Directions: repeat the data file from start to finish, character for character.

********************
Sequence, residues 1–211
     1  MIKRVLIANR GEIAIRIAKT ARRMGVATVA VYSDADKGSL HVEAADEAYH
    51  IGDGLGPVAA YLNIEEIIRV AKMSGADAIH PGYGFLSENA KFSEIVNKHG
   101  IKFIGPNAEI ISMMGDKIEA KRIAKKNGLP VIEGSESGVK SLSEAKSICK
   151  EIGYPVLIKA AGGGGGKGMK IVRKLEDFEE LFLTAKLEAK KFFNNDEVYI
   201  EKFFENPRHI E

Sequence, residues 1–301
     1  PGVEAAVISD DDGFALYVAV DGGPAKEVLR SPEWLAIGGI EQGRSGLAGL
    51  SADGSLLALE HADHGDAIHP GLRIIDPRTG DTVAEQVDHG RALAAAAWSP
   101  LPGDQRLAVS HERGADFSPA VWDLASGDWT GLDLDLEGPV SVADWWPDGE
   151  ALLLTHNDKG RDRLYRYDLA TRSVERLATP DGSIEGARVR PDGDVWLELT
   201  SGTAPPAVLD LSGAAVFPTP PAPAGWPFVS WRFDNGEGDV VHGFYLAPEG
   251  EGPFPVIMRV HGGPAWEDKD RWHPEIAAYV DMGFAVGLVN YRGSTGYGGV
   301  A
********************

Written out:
Sequence, residues 1–211
     1  MIKRVLIANR GEIAIRIAKT ARRMGVATVA VYSDADKGSL HVEAADEAYH
    51  IGDGLGPVAA YLNIEEIIRV AKMSGADAIH PGYGFLSENA KFSEIVNKHG
   101  IKFIGPNAEI ISMMGDKIEA KRIAKKNGLP VIEGSESGVK SLSEAKSICK
   151  EIGYPVLIKA AGGGGGKGMK IVRKLEDFEE LFLTAKLEAK KFFNNDEVYI
   201  EKFFENPRHI E

Sequence, residues 1–301
     1  PGVEAAVISD DDGFALYVAV DGGPAKEVLR SPEWLAIGGI EQGRSGLAGL
    51  SADGSLLALE HADHGDAIHP GLRIIDPRTG DTVAEQVDHG RALAAAAWSP
   101  LPGDQRLAVS HERGADFSPA VWDLASGDWT GLDLDLEGPV SVADWWPDGE
   151  ALLLTHNDKG RDRLYRYDLA TRSVERLATP DGSIEGARVR PDGDVWLELT
   201  SGTAPPAVLD LSGAAVFPTP PAPAGWPFVS WRFDNGEGDV VHGFYLAPEG
   251  EGPFPVIMRV HGGPAWEDKD RWHPEIAAYV DMGFAVGLVN YRGSTGYGGV
   301  A